In a report that may surprise no one, it looks like Facebook’s iPhone app may be egregiously spying on you — even by the social network’s already loose privacy standards.
As reported by TNW, Twitter user Joshua Maddux recently discovered that the Facebook app on his iPhone was up to something unusual, observing that his camera was actually engaged in the background while he was simply scrolling through his Facebook feed. See it below.
The issue only came to light because of a bug in the current version of the Facebook app on iOS 13.2.2 that leaves the main feed slightly misaligned after you open a photo and then swipe down.
Maddux confirmed that he was able to duplicate the issue on five other iPhones running iOS 13.2.2, although one running iOS 12 didn’t show the camera, since the timeline stays where it’s supposed to in that case, although of course that doesn’t mean the camera isn’t still being activated.
TNW was also able to independently reproduce the issue, which doesn’t appear to affect devices running iOS 13.1.3 either. TNW also notes that it’s been unable to make this happen on Android 10 devices, although again the same caveat applies — just because you can’t see it doesn’t mean Facebook isn’t still watching.
To be fair, the most likely explanation for this — and the one that Facebook is almost sure to offer anyway — is that it’s simply a bug, but the fact that Facebook is enabling the iPhone camera at all in situations where it shouldn’t be is more than a bit distressing for a company with a particularly horrendous track record on user privacy.
It’s also unclear what Facebook might actually be doing with the camera. The most innocuous explanation, which is likely if this is simply an unintentional bug, is that Facebook is simply turning the camera on, but not recording or transmitting any information from it, in which case the issue, while creepy, is mostly harmless. However, there’s no easy way of ruling out that Facebook could be transmitting whatever the camera is seeing — either as a whole stream or as intermittent snapshots — back to its own servers for “analysis.”
How Do I Block This?
Fortunately, Apple itself is one of the most privacy-conscious companies out there, so it provides its own controls that even Facebook hasn’t figured out a way to override.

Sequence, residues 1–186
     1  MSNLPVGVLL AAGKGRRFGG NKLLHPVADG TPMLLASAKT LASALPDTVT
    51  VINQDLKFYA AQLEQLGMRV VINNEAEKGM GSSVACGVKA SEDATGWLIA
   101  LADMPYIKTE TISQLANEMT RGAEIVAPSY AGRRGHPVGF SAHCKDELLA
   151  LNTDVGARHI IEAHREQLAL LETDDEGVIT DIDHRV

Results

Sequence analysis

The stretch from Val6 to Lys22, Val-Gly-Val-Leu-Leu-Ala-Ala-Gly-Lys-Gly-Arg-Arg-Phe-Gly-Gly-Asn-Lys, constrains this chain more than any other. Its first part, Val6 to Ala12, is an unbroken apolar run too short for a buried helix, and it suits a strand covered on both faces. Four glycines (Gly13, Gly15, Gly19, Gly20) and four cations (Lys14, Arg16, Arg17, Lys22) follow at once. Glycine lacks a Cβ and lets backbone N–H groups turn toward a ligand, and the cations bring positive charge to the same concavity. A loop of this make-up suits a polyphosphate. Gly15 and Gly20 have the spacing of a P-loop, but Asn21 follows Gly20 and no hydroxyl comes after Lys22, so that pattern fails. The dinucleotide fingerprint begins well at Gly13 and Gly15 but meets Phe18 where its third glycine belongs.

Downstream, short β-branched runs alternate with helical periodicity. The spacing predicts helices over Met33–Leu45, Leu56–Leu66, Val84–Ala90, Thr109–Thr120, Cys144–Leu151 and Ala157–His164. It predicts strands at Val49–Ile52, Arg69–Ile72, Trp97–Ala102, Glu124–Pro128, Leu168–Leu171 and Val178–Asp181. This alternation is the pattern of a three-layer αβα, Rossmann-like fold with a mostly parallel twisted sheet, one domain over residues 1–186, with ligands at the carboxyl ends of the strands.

In short, this is only a problem if you’ve given Facebook access to your camera at the iOS level. If not, then Facebook won’t be able to turn it on or see anything through it. However, if you’ve already enabled this, you can still very easily turn it off:
- Open the iPhone Settings app
- Scroll down and tap Privacy
- Tap Camera
- Find the entry for Facebook and tap the switch beside it to turn it off.
While you’re here, you may also want to take a look at the other apps that you’ve given access to your iPhone camera; any iOS app that has this access could be secretly recording you, and unlike your MacBook, the iPhone and iPad don’t include an indicator LED to let you know when the camera is on.
In the case of Facebook, disabling camera access may be a slight inconvenience, as you’ll no longer be able to take pictures, record videos, or live stream directly in the Facebook app. In the first two cases, however, you can still snap photos or record videos using the standard iPhone Camera app and then simply upload them to Facebook from your camera roll.
As a more extreme measure, you could always follow the advice of former FBI director James Comey and put a piece of tape over your camera. While this may seem paranoid, the fact that Mark Zuckerberg himself tapes over his webcam should be enough to make you think.